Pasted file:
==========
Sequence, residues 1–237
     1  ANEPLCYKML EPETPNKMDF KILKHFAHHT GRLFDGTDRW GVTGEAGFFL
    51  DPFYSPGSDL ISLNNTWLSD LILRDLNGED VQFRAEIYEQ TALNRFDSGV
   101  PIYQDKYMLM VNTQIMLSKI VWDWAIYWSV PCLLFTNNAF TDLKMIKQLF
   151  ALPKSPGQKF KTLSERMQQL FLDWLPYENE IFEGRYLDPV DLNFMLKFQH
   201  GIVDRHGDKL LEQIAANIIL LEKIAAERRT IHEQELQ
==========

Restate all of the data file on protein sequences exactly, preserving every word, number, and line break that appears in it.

Sequence, residues 1–237
     1  ANEPLCYKML EPETPNKMDF KILKHFAHHT GRLFDGTDRW GVTGEAGFFL
    51  DPFYSPGSDL ISLNNTWLSD LILRDLNGED VQFRAEIYEQ TALNRFDSGV
   101  PIYQDKYMLM VNTQIMLSKI VWDWAIYWSV PCLLFTNNAF TDLKMIKQLF
   151  ALPKSPGQKF KTLSERMQQL FLDWLPYENE IFEGRYLDPV DLNFMLKFQH
   201  GIVDRHGDKL LEQIAANIIL LEKIAAERRT IHEQELQ